Professional & Support Organizations
Please note, many of these health professions-focused organizations also offer student memberships and programs, workshops, scholarships, internships, and fellowships.
Founded in 1977, the American Indian Science and Engineering Society (AISES) is a national, nonprofit organization focused on substantially increasing the representation of American Indians, Alaska Natives, Native Hawaiians, Pacific Islanders, First Nations and other indigenous peoples of North America in science, technology, engineering and math (STEM) studies and careers. AISES has awarded over $11 million in academic scholarships to American Indian STEM students.
Provides educational forums, workshops, and conferences in the medical disciplines for American Indian and Alaska Native physicians. Works to help students pursue a health profession career, thereby increasing the number of AI/AN medical professionals in the workforce.
A transdisciplinary organization of clinicians, advocates, and healthcare organizations that provide healthcare for the underserved. Provides professional education, clinical tools, advocacy, patient education, training, and technical assistance.
The Center for American Indian Health at Johns Hopkins University partners with Native American/Indigenous communities to improve health and well-being. Founded in 1991 and based in the Department of International Health at the Johns Hopkins Bloomberg School of Public Health, the Center supports public health interventions designed for and by Native peoples. The Center has offices in tribal communities across Arizona and New Mexico as well as a Great Lakes Hub serving tribes in Minnesota, Wisconsin, and along the shared border with Canada.
The Center for Native American/Indigenous and Indigenous Research (CNAIR) is Northwestern University’s primary institutional space dedicated to advancing scholarship, teaching, learning, and artistic or cultural practices related to Native American/Indigenous and Indigenous communities, priorities, histories, and lifeways.
The Indian Health Service, an agency within the Department of Health and Human Services, is responsible for providing federal health services to American Indians and Alaska Natives. The provision of health services to members of federally-recognized tribes grew out of the special government-to-government relationship between the federal government and Indian tribes.
The National Alaska Native American Indian Nurses Association’s mission is to promote a continuum of health among Native Americans; to serve the professional needs of Native American nurses; to cooperate with other professional associations, health care organizations and governmental entities in matters affecting the purposes of NANAINA; and to recommend culturally appropriate health-service delivery solutions where barriers to Native American consumers exist.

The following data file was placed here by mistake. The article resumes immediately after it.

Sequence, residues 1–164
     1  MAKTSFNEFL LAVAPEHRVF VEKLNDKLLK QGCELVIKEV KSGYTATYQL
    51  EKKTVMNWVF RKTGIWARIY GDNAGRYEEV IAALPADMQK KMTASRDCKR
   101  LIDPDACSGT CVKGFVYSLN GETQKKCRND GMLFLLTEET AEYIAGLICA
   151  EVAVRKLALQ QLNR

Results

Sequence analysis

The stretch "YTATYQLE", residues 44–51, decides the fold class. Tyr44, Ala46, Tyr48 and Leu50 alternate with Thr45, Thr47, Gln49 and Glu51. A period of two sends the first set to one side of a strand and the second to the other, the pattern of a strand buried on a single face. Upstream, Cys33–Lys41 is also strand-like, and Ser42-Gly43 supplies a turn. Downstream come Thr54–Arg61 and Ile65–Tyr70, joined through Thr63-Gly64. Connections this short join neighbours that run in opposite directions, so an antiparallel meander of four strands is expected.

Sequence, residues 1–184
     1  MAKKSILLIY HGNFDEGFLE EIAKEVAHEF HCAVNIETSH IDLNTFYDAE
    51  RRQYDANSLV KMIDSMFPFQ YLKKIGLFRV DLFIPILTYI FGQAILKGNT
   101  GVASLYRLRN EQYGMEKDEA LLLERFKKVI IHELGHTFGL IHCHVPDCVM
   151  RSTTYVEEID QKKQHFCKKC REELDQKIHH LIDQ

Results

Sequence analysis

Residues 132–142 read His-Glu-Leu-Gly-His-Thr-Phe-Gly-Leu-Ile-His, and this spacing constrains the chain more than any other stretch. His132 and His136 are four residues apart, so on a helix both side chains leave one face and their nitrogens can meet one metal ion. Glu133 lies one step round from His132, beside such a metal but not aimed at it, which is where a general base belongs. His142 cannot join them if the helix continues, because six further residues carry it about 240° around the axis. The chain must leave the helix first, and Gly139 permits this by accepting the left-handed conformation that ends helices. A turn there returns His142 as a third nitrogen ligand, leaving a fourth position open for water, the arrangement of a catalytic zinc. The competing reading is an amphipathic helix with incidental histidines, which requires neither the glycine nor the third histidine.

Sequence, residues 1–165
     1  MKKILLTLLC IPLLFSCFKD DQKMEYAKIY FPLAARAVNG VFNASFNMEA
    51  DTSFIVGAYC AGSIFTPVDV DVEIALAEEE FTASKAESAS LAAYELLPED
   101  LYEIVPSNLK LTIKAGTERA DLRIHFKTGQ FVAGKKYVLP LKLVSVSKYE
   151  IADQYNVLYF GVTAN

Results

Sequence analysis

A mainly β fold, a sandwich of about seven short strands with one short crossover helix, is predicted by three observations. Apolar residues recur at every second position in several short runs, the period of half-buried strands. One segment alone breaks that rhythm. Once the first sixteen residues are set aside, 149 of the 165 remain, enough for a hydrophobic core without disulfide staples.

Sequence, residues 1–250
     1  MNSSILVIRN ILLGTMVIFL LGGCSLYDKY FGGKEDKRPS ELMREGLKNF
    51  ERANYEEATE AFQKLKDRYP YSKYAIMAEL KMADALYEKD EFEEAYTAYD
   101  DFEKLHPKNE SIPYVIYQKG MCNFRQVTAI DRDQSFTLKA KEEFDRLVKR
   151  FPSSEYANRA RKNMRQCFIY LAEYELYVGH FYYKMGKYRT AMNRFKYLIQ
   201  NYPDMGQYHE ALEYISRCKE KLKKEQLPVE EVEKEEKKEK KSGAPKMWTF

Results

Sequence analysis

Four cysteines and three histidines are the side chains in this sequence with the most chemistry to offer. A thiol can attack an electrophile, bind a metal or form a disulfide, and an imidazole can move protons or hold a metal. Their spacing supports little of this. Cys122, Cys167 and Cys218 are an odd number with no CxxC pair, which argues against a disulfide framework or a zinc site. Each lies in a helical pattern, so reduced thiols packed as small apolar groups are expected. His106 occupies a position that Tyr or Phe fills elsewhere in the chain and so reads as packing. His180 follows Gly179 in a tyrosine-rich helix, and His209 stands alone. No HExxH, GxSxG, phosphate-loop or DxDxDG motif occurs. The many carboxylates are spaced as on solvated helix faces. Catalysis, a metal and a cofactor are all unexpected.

The mission of NICOA is to advocate for improved comprehensive health, social services and economic well-being for American Indian and Alaska Native Elders. In addition to providing service through several grants from agencies within the U.S. Department of Health and Human Services, NICOA operates as a National Sponsor of the federal Senior Community Service Employment program (SCSEP) in fourteen states through a grant from the Department of Labor.
The NCAIHP provides prospective American Indian and Alaska Native students with healthcare career advising, assistance with admissions applications, financial advising, academic support, and more. The NCAIHP is dedicated to helping American Indians and Alaska Natives to become physicians, dentists, physician assistants, and other healthcare professionals.
The Native American/Indigenous Center for Health Professions is located within the University of Wisconsin School of Medicine and Public Health. Our vision is to improve the health and wellness of American Indian people
SAMHSA recognizes that tribal communities face behavioral health challenges and disparities.
For American Indians and Alaska Natives, multiple factors influence health outcomes, including historical trauma and a range of social, policy, and economic conditions such as poverty, under-employment, lack of access to health care, lower educational attainment, housing problems, and violence.
For more than 37 years, SACNAS has worked to improve and expand opportunities for minorities in scientific industries and academia. Includes graduate students and postdoctoral fellows.
Women Empowering Women for Indigenous Nations (WEWIN) exists to provide Native women with the knowledge, support, and resources necessary to achieve success in their personal and professional lives. The WEWIN Annual Conference is an opportunity for Native women to engage in professional renewal, inspire others and network.